Is Benedict in Favor of World Government?

This essay is the fifth entry in a week-long symposium on the pope’s recent encyclical.

As observers continue to decipher the meaning of Benedict XVI’s latest encyclical, Caritas in Veritate, all appear to agree that the passage of note, the passage that may prove historic in its implications, is the one that is already becoming known as the “world political authority” paragraph … Continue Reading »

A Return to Augustinian Economics

This is the fourth essay in a week-long symposium on the pope’s recent encyclical. Despite belonging to an organization that recently celebrated its founder’s two thousandth birthday, some American Catholics exhibit the attention span of fruit flies when their faith impinges on their politics. Recent responses to Benedict XVI’s Caritas in Vertitate (“Charity in Truth”) closely parallel those that greeted the last economic encyclicals: John Paul II’s Sollicitudo Rei Socialis (“The Church’s Social Concern”) and Centesimus Annus (“On the Hundredth Anniversary” of Leo XIII’ Rerum Novarum)… Continue Reading »

Confirmed in Centesimus Annus; Perplexed by Caritas in Veritate

This is the third essay in a week-long symposium on the pope’s recent encyclical. Evangelical Catholics, supporters of the constructive working of the marketplace that we are, took well to the teaching of Centesimus Annus for it provided a vision of how to see both the accomplishments of free markets in the growth of all economies-and, most specially”the rise of millions of individuals from abject poverty in a short span of years. It was stronger than this, for it suggested a religious understanding of how the market has worked, how it has failed, and how it needed correction… Continue Reading »

Doing The Truth In Love: An Evangelical Call for Response to Caritas In Veritate

This is the second essay in a week-long symposium on the pope’s recent encyclical. Recent global events awaken us to the importance of sustained Christian reflection on the nature and goal of economic life, both within our own societies and in other parts of the world. Accordingly, as evangelical Protestants we applaud the release of Caritas in Veritate (Charity in Truth) by Pope Benedict XVI. We call on Christians everywhere, but especially our fellow evangelicals in the global North, to read, wrestle with, and respond to Caritas in Veritate and its identification of the twin call of love and truth upon our lives as citizens, entrepreneurs, workers and, most fundamentally, as followers of Christ… . Continue Reading »

Pope Benedict XVI’s Caritas

This is the first essay in a week-long symposium on the pope’s recent encyclical. It is no secret that in U.S. Catholicism these last twenty or so years there has been an increasingly bitter split between two large factions on matters of political economy. Some tilt left, some right. Some favor a Reaganomic approach to political economy and rejoiced in the boom that lasted thirty-some years. Others favor Clintonomics (which in practice looked a lot like Reaganomics), while others favor something more robustly state-run and state-centered on the order of Obamanomics… . Continue Reading »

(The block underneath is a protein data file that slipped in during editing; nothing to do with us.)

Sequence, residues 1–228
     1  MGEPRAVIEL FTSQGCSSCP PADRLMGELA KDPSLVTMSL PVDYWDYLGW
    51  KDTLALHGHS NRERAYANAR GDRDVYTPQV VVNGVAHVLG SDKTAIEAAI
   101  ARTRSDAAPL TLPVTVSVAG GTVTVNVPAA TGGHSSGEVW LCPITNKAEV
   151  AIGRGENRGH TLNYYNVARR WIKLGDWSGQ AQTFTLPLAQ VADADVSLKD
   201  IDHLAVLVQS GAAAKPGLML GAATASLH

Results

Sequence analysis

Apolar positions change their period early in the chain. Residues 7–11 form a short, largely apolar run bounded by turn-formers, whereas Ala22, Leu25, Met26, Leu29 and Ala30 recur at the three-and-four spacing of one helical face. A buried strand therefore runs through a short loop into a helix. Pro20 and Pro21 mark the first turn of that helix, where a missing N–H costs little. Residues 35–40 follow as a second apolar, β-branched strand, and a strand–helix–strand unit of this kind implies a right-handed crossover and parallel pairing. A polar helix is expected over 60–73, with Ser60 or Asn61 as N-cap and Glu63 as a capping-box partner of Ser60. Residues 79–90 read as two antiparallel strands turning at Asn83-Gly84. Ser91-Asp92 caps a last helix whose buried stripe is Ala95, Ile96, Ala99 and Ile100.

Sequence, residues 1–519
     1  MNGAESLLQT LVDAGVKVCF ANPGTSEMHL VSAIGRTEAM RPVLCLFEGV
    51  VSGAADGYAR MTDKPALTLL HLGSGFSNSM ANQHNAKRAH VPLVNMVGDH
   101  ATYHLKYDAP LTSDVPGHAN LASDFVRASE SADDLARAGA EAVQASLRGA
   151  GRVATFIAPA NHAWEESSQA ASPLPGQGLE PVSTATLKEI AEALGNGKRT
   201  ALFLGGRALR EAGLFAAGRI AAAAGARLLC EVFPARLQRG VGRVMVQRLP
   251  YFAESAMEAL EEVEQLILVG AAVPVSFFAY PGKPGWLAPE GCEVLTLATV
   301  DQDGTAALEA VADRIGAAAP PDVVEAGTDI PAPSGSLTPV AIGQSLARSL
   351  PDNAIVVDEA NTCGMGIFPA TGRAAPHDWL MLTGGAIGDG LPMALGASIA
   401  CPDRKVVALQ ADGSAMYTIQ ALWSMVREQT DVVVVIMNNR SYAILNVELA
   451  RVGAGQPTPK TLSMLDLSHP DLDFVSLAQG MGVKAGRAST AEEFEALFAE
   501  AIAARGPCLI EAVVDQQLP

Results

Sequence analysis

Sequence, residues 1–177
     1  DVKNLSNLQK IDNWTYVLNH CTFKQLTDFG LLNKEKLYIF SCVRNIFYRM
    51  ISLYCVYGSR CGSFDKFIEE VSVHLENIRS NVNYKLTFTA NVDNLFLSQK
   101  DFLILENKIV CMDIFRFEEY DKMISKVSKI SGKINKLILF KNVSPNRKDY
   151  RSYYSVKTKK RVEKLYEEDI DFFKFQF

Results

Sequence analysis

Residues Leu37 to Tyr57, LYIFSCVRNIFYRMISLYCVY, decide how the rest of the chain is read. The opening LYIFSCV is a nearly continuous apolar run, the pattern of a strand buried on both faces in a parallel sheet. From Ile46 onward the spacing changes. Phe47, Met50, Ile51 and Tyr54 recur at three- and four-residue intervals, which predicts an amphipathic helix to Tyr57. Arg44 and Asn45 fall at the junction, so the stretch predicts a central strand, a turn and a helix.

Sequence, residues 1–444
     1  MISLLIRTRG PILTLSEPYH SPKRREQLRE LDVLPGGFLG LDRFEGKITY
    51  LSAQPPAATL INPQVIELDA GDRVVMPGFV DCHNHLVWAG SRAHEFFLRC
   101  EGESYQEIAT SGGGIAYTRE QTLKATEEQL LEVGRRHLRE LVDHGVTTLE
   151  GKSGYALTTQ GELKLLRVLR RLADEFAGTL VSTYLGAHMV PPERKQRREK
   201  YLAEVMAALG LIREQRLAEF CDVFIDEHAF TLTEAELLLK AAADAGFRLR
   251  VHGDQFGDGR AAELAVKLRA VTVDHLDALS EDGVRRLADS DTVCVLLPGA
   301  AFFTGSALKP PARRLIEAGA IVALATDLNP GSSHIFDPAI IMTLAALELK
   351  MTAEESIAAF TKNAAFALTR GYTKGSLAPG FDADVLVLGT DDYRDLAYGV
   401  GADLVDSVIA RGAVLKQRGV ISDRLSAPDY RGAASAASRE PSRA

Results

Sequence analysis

Bologna Revisited

What is the mission of a Catholic law school, and how do we achieve it? Fr. Michael Buckley’s book The Catholic University as Promise and Project sets out”very artfully, to my mind”the ecclesial context in which lawyers in Catholic universities should think about the religious dimensions of the institutions they are, willy-nilly, building up, tearing down, or neglecting, as the case may be. The title of the book also helpfully suggests the proper method in exploring this vital issue. “Promise and Project”: The promise must be specified before the project can have a chance of succeeding… . Continue Reading »

Upward and Onward

I had not known that Edward Upward was still alive until I read that he had died”a tad too late to compliment the man on his longevity, perhaps, but not too late to marvel at it. “He must have been ancient!” I exclaimed to my wife, who”with her customary Anglo-Saxon phlegm”ignored me entirely (which was for the best, of course, as she had no idea who I was talking about and wouldn’t have cared if she had). But I was quite right … . Continue Reading »

Loving Herodias

“Why do men chase women? Because they want to live forever,” said Rose Castorini in Moonstruck. Falling in love”really falling in love as opposed to going through the motions”means finding immortality through the mediation of the beloved. No clearer example of this can be found than Dante’s love of Beatrice, the Florentine girl he claimed to have met twice… . Continue Reading »

Searching for the Soul of Shakespeare

After three years of tests”tree-ring dating (to determine the age of the wood frame), x-ray examination at Cambridge University, and infrared reflectography”Stanley Wells of the Shakespeare Institute unveiled earlier this year a new painting of Shakespeare, the Cobbe portrait (1610). Scholars and non-scholars alike eagerly gathered around computer screens and televisions to see for the first time what might well be the dark-eyed, youthful, intelligent, and finely featured face of William Shakespeare, age forty-six. When it comes to Shakespeare, new evidence is hard to find, and everyone is interested… . Continue Reading »

Winning the War on The War on Terror

Does it matter that the Obama administration is now involved in “overseas contingency operations” rather than “fighting terror”? Is it important that our Secretary of Homeland Security, Janet Napolitano, refers to man-caused disasters rather than terrorism? And how about the news made by Secretary of State Hillary Rodham Clinton, when she was asked about the elimination of the phrase war on terror: “The administration has stopped using the phrase and I think that speaks for itself,” Clinton said… . Continue Reading »